Union supporters look to repeal Right-to-Work status in AZ; attorney explains what that would look like

Arizona Works Together coalition looking to eliminate Right to Work status in Arizona, giving Unions more negotiating power. A local Tucson attorney explains what that would mean for both Employers and Employees.
Published: Sep. 27, 2023 at 6:03 PM MST
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TUCSON, Ariz. (13 News) - With labor unions flexing their muscle with strikes and in some cases, winning, some in the Grand Canyon state are working to make unions even stronger in Arizona. An effort is underway to repeal Arizona’s designation as a right-to-work state. These laws essentially prohibit employers from forcing employees to join unions or pay dues to be hired at their company.

If taken away, unions could have more negotiating power and a leg up in bargaining agreements with employers.

Unions say a change in these laws would help protect workers, but those against the change say it would harm worker rights. This has spurned a debate on whether this decision is in the best interest of the employees or the unions.

“We are in a new labor movement. And it is time for Arizona workers to secure fair laws for fair pay.”

That is the sentiment provided to 13 News by the Campaign Coordinator for Arizona Work Together, Robert Nichols. Arizona Works Together is a coalition of organizations looking to empower unions. As they say, in a right-to-work state like Arizona, the ability of unions to negotiate on behalf of the employees the represent is limited because of the amount of dues they receive.

“It’s just an efficiency of funding issue for the unions. What can they spend money on? Do they have to cover non-union members?” Nichols said.

The ability to fund these unions through dues is something lawyers say is crucial when at the negotiating table.

“With the unions, they need dues paid so they can represent the employees in grievance procedures [and] in negotiating for better contracts,” Employment attorney Barney Holtzman said.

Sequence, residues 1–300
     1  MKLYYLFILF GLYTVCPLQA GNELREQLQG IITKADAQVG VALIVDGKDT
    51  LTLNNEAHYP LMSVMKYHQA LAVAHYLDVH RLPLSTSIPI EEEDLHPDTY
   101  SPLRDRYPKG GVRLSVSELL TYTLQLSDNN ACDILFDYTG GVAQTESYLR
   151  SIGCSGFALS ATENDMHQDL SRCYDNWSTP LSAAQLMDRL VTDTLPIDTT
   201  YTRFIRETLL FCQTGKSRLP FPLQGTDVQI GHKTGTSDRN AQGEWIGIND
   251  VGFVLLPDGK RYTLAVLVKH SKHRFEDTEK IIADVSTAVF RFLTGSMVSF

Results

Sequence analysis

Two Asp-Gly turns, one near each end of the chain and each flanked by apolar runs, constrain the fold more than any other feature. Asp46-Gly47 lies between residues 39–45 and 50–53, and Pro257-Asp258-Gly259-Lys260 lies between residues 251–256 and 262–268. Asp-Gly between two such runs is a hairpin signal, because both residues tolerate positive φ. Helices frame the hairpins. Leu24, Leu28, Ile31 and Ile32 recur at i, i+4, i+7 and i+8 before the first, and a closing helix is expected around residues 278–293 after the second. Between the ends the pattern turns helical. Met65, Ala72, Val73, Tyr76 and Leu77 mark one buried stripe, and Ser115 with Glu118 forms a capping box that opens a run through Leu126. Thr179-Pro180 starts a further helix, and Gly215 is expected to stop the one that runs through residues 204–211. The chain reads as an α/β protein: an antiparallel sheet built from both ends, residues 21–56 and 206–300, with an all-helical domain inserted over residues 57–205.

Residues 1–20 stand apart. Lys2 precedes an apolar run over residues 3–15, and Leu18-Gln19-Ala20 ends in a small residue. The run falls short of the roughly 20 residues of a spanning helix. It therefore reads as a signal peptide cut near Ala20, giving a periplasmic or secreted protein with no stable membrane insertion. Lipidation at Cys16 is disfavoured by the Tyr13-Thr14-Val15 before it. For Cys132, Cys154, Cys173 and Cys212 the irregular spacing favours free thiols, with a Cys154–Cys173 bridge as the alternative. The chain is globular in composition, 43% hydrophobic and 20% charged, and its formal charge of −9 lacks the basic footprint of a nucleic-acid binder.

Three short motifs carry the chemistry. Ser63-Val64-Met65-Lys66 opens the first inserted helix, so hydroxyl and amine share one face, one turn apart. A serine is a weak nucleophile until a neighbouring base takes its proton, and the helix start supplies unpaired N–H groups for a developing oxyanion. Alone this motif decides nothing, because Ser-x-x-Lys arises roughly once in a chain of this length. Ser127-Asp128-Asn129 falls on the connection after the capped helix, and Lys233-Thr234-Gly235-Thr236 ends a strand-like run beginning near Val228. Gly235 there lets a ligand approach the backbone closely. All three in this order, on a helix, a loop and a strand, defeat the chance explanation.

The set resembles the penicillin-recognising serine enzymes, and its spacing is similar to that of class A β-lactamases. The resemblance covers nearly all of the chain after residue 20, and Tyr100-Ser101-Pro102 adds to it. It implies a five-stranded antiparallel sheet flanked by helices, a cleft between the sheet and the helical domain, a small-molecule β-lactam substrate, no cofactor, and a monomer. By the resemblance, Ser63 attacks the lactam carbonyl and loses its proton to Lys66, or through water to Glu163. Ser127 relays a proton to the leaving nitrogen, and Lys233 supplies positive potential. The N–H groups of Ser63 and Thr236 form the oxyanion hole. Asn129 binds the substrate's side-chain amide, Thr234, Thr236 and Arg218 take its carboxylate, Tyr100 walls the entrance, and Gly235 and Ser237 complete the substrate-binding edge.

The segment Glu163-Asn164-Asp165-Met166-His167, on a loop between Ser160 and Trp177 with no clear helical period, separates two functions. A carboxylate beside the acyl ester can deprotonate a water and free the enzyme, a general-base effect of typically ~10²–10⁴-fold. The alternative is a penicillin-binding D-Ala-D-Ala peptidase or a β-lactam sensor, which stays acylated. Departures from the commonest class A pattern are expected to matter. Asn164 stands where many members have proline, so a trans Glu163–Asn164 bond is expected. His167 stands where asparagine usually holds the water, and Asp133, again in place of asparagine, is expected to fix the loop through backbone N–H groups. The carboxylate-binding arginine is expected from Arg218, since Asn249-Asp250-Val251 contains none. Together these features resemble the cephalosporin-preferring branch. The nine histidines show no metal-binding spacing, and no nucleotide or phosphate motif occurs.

With the success and increase in union strikes across the nation, including in Arizona at Sky Harbor Airport, in hospitality industries and the cannabis industry across the state, many say unions are the path to better working conditions.

“Union growth in America has been tied to higher wages, better benefits, safer workplaces, and more money in the pockets of the middle class,” Nichols said.

It’s art of the reason groups like Arizona working together are looking to do away with those laws.

But, as Holtzman points out, there’s always two sides to the discussion and while getting rid of the laws may be in the best interest of Unions, some employers may disagree.

“Unions want this law taken away so that they can get more funding from the employees that they’re representing. Employers generally don’t want the laws because they want their employees to be able to choose, ‘Do I want to join that union’?

Critics of the Grassroots movement say without the law they will be forced into unions or to pay dues. But Nichols says that’s not the case.

“If the employer who has made an agreement with the union decides to pass the cost of that agreement on to non-union workers, that’s a fault of the employer, not a fault of the union.”

This idea is gaining momentum in Arizona but still has a long way to go due to the law being within the statutes of the state constitution.

“They have to not only change the statute, they have to change the constitution, which is a higher standard and it takes more votes,” Holtzman said.

However, activists say it will be worth it for the benefit of all employees.

“All workers will see benefits improve all workers across sectors, regardless of whether they’re in or out of unions,” Nichols said.

In recent months, states like Missouri, Michigan and Wisconsin have all repealed their status as right-to-work states.

However, changing that in Arizona will take 350,000 signatures just to be put on the 2024 election ballot and also require large support in the Arizona Senate and House.

Arizona Works Together plans to launch its signature campaign at the end of October.

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